Table of Content
II. The EU Refugee Crisis
III. Evaluation of the EU Approach to Refugees and Migrants
IV.Suggestion for Improvement
List of Figures
Figure 1: Top 10 origins of people applying for asylum in the EU: First-time applications in 2015, in thousands (BBC, 2016a)
Figure 2: Migrant deaths in the Mediterranean by month (BBC, 2016a)
Figure 3: The Balkan route (BBC, 2016a)
Figure 4: Asylum claims in Europe, 2015 (BBC, 2016a)
“Refugee crisis”. Why is the current flow of migration generally called a crisis? In the last century, Europe faced major flows of migration and large movements of people, especially during and after the world wars. Nevertheless, the term crisis was never associated with refugees or used in order to label a flow of migration before.
A crisis is an expression for a time of intense difficulty or danger (Oxford University Press, 2016). Therefore, in the context of the EU and the current situation, the term indicates that the refugees are posing enormous difficulties and dangers to the European Union. More specific, these difficulties consist of the search for a mutual European agreement over the distribution and the acceptance of asylum seekers. This discussion is threatening the unity of Europe and causing therefore dangers to the uncertain future of the European Union.
The following chapter provides a review of the reasons for, origins and the development of the refugee crisis. It explains where and when the crisis started and how it progressed. The period of investigation starts in May 2011 and examines the main developments until the 30th of April 2016, later developments are not considered. Subsequently, through the gathered information, the European approach towards the refugees and migrants is evaluated, analysed, and compared to possible solutions. The succeeding last chapter finally suggests a fitting problem-solving approach, which would enable the EU to tackle the refugee crisis. This approach includes the possibility for Europe to solve the whole issue together as a unity while still respecting the desires of each EU member state.
II. The EU Refugee Crisis
This chapter is about the reasons for, origins and developments of the refugee crisis, starting in May 2011 and following the chain of events until the 30th of April 2016.
This refugee crisis is one of the biggest of our time and it is generating news, problems and challenges in a very rapid way. Nearly every day arise new developments, either new political decisions or new humanitarian abysses.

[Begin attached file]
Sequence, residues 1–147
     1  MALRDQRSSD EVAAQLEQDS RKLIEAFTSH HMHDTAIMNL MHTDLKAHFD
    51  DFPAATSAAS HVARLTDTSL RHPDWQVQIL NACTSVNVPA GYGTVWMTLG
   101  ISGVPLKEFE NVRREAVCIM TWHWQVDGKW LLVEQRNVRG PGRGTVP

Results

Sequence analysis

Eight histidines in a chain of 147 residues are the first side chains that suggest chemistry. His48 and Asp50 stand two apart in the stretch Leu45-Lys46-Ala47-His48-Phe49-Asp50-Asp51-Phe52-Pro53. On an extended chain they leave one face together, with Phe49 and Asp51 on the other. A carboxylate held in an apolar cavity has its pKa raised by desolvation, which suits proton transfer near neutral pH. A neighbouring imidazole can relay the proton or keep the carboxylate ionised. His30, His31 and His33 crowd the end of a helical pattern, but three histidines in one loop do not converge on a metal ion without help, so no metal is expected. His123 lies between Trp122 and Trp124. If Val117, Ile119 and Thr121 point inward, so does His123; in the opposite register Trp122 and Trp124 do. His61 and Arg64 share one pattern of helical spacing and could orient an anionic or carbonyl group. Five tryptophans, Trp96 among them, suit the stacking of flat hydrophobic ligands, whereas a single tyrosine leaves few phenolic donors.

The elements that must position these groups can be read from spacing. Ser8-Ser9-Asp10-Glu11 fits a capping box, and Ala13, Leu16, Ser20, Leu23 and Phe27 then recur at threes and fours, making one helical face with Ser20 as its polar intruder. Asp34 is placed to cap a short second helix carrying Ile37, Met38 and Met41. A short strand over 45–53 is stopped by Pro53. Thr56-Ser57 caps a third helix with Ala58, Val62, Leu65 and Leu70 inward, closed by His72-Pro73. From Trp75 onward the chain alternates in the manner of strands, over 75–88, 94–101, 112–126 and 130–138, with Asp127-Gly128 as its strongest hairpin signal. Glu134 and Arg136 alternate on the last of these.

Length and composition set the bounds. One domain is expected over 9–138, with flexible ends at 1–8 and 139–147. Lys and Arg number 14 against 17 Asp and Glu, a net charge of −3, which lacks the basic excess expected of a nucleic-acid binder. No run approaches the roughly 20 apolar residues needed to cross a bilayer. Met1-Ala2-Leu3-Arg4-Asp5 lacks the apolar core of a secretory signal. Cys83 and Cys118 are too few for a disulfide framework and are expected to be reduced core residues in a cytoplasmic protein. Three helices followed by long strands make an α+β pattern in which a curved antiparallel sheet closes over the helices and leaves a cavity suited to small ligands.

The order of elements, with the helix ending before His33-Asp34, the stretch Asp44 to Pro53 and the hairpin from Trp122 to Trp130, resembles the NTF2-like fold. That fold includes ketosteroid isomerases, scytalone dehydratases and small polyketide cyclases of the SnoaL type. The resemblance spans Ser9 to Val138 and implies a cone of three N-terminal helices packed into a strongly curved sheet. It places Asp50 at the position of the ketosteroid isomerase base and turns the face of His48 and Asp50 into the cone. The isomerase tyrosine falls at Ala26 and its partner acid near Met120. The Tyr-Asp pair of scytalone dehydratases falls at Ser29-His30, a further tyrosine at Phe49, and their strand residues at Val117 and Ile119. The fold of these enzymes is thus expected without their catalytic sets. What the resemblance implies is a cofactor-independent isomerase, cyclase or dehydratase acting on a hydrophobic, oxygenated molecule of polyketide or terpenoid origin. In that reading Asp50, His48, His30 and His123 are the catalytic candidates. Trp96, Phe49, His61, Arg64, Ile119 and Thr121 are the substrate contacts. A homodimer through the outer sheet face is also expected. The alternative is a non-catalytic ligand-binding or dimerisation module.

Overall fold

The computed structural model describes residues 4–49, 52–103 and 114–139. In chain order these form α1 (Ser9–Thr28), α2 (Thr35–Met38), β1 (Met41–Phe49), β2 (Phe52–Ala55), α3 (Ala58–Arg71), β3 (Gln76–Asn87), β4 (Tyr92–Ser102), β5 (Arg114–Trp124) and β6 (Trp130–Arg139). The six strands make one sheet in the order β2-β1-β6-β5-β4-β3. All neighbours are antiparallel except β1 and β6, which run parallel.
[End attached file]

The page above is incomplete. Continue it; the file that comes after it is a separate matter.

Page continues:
In March 2016, the overall number of Syrian people seeking shelter in neighbour countries amounted to around 4.8 million (ARD, 2016). Most of these refugees, around 2.7 million, fled to and were accepted by Turkey (ARD, 2016). Another 1.1 million were accepted by Lebanon, 640,000 by Jordan and 250,000 by Iraq (ARD, 2016). The events that led to these circumstances are described in the following pages:
The whole refugee crisis has its origins back in May 2011, when about 5,000 Syrian people began to flee into Lebanon after harsh fighting in the town of Talkalakh in the north-west of Syria (Weesjes, 2016). In June, due to the military siege of the town Jisr al-Shugjour in the north-west of Syria, a major flow of refugees into neighbouring Turkey is caused (Weesjes, 2016). In the subsequent five months, more and more people started to flee into Jordan and Turkey. Turkey then will have spent over US$15 million in order to set up six camps for thousands of refugees (Migration Policy Center, 2015)
In March and April 2012, many Syrian refugees were heading for the Bekaa valley in Lebanon and for the Iraqi Kurdistan region in northern Iraq in order to seek shelter there (Migration Policy Center, 2015). Two months later In July, intense warfare in the town Aleppo, which is only 30 miles from Turkey, caused up to 200,000 people to cross the Turkish border (Weesjes, 2016). As a response, Greece increased its border guards in case of an influx of Syrian refugees (Weesjes, 2016). Later that month, approximately 40,000 refugees crossed the Masnaa border post into Lebanon (Migration Policy Center, 2015). Subsequently, in August 2012, the occurrence of gunfights in Lebanon´s second largest city, where members of Tripoli´s Sunni and Alawite communities clashed, spread the fear of the war coming to Lebanon (Weesjes, 2016). On the 11th of September, 11,000 people fled from Syria into Turkey, Jordan and Lebanon in a 24-hour period (Weesjes, 2016). The first international reaction happened on December the 20th, when the UN refugee agency appealed international donors for US$1 billion support for the hundreds of thousands refugees that fled to Syria to Jordan, Iraq, Lebanon, Turkey and Egypt (Migration Policy Center, 2015).